Should mice and men ever look alike?
There's a new acronym in town: ACHM, which stands for "animals containing human material". With any luck, you're going to be hearing a lot about it over the next few months.
We already have sheep and goats that manufacture human proteins. Research into pigs bred to carry human genes also offers new possibilities for organ transplants. And Chinese scientists have created goats containing human stem cells. So, what are the ethics of going a bit further and producing mice with human skin, say, to research skin disorders? Or giving a primate enough human neurons for it to begin to think in human ways?
Such ideas provoke an initial reaction of disgust, which is a hard-wired response to the "unnatural". Can you get past this and examine the questions rationally? Let's hope so, because scientists want to know what you think. In late July, the UK's Academy of Medical Sciences issued a report on the state of the art, the likely future developments in ACHM and its attendant ethical dilemmas. It is the first report of its kind anywhere in the world, and aims to start a discussion among scientists, ethicists and, most importantly, the public.
British science has a good track record of allowing public opinion to set limits on research. In the 1990s, under the leadership of the government's then chief scientific adviser, Robert May, scientists simply laid out the arguments and left politicians to take in public opinion, before voting
on regulation. The result was everything that British science had hoped for. It was a different story in the US, where scientists lobbied hard for permission to work with embryonic stem cells but ended up being denied by legislation borne on a tide of public suspicion.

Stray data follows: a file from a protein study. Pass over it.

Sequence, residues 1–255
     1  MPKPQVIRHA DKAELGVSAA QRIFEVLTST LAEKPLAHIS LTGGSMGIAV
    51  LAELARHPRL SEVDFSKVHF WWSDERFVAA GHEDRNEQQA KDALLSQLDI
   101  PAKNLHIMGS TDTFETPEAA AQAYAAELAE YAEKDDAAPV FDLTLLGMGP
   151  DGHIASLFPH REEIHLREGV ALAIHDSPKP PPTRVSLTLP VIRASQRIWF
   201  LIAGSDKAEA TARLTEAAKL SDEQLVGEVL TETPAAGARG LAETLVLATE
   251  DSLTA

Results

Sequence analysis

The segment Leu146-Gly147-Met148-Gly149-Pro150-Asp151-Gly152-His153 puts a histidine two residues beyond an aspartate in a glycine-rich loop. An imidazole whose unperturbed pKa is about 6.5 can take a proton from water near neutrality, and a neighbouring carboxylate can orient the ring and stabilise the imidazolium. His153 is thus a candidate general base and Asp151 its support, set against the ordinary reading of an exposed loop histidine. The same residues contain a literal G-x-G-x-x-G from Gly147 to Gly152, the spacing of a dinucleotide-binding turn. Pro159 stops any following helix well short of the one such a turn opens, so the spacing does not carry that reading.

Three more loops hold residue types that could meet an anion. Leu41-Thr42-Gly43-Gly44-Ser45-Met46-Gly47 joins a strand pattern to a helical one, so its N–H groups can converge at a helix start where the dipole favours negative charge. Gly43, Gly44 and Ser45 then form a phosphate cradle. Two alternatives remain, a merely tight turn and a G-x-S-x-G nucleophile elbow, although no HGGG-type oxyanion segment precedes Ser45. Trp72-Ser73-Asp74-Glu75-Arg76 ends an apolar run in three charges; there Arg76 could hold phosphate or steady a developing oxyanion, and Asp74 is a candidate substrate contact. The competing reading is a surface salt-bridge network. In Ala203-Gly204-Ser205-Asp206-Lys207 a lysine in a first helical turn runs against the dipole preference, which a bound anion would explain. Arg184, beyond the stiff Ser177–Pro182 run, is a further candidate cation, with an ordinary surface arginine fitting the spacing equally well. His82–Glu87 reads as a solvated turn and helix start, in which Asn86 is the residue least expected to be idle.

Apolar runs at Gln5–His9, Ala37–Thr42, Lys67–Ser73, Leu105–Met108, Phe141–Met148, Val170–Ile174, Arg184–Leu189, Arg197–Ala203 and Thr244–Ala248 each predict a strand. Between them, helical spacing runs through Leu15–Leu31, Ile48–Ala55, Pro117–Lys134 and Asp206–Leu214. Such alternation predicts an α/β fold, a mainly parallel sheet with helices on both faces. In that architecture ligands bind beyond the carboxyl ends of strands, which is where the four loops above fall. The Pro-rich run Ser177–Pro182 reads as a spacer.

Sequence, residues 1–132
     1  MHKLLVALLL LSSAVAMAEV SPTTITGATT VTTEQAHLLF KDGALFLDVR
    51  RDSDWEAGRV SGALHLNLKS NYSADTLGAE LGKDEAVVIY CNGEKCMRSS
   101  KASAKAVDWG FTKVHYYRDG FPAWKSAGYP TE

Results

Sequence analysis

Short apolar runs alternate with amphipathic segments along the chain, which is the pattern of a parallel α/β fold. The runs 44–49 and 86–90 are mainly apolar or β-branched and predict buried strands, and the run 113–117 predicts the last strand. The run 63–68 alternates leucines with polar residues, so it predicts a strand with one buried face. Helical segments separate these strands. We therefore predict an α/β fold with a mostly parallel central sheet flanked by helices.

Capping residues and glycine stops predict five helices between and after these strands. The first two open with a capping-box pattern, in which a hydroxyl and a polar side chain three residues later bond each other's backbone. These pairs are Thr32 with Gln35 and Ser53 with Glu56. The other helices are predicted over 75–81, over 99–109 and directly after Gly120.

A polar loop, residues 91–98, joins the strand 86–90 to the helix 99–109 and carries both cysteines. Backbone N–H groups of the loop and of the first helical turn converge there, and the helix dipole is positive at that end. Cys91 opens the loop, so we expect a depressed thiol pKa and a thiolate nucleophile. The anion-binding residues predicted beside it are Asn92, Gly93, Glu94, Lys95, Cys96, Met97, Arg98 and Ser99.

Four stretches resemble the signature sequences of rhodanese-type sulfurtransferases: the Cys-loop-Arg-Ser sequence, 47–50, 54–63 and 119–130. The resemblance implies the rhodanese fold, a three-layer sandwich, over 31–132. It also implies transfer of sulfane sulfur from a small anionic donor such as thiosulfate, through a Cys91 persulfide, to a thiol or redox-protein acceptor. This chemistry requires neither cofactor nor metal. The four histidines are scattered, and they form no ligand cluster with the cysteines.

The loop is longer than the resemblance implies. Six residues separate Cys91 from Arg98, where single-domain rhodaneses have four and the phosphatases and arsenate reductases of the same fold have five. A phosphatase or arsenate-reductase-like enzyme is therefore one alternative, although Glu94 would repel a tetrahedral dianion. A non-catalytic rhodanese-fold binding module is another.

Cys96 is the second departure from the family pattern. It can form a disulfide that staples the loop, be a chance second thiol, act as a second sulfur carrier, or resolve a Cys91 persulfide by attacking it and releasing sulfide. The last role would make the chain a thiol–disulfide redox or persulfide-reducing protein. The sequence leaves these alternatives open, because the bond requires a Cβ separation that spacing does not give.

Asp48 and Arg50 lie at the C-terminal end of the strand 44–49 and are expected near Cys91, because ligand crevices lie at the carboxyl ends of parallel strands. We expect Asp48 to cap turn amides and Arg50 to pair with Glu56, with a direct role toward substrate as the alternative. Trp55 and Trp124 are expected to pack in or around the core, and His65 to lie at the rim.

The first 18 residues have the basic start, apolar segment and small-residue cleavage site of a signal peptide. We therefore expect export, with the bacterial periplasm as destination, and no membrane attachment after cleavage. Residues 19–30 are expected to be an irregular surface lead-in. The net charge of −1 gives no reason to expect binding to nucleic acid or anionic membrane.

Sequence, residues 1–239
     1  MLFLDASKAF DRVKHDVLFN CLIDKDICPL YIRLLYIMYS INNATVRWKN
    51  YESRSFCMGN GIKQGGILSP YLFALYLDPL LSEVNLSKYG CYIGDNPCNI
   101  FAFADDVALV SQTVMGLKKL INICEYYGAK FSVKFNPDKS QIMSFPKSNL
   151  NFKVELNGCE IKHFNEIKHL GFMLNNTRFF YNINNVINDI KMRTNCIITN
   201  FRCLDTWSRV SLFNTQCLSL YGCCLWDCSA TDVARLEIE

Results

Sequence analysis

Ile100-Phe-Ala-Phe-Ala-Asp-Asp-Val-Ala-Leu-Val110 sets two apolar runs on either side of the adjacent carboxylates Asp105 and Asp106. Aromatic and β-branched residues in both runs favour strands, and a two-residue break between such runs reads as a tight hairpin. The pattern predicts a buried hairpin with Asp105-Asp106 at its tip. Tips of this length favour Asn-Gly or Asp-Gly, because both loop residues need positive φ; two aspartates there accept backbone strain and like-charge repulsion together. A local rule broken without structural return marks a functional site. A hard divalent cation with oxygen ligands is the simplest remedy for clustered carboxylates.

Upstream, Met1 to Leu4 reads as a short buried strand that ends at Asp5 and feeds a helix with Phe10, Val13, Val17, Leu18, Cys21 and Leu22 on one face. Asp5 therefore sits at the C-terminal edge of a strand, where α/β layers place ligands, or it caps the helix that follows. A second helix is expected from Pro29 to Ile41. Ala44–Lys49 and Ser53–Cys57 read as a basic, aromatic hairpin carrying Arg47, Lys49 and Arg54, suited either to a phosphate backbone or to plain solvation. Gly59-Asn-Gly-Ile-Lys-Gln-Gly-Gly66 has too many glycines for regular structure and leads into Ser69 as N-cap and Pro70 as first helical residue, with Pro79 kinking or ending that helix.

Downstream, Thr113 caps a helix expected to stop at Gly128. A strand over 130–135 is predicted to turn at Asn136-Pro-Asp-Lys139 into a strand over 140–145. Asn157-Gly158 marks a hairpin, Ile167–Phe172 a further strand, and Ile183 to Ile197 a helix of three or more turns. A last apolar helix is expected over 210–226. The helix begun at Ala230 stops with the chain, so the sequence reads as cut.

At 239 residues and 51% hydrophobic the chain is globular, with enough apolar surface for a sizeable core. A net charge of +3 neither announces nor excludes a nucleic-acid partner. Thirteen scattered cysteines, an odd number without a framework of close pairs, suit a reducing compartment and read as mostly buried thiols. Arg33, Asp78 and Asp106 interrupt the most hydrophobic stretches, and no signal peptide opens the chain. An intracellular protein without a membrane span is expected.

The new ACHM report lays out exactly the areas that make scientists feel uncomfortable: having animals' brains work too much like a human being's, for example, or doing anything that might give an animal human eggs or sperm (and thus pave the way for chimeral offspring).
Another area of discomfort is more subtle. No one feels happy about making a creature that might display human-like features: if it looks or talks in any way like a human, we've probably gone too far, scientists say.
It's good to talk
That is only their initial disgust response. Will it fade away when we've become used to seeing such features on creatures that bring us cures for Alzheimer's and Parkinson's disease? Or when the animal provides a liver for a sick child?
Human-like genes in mice are already being used to generate antibodies for treating cancers and immune system disorders. Are we sure we don't want to take this aspect of medicine to the next level?
It's worth remembering that scientists have sometimes been more conservative than the public has wanted them to be. The scientific establishment was strongly opposed to embarking on a programme of human in vitro fertilisation (IVF) in the early 1970s. Spurred on by enthusiastic public support, Patrick Steptoe and Robert Edwards garnered private funding and pressed on. More than four million people who are alive today thanks to IVF are grateful they did.
Not that this precedent suggests we should blindly usher in the age of ACHM. It is time, however, to start talking about what it might be like.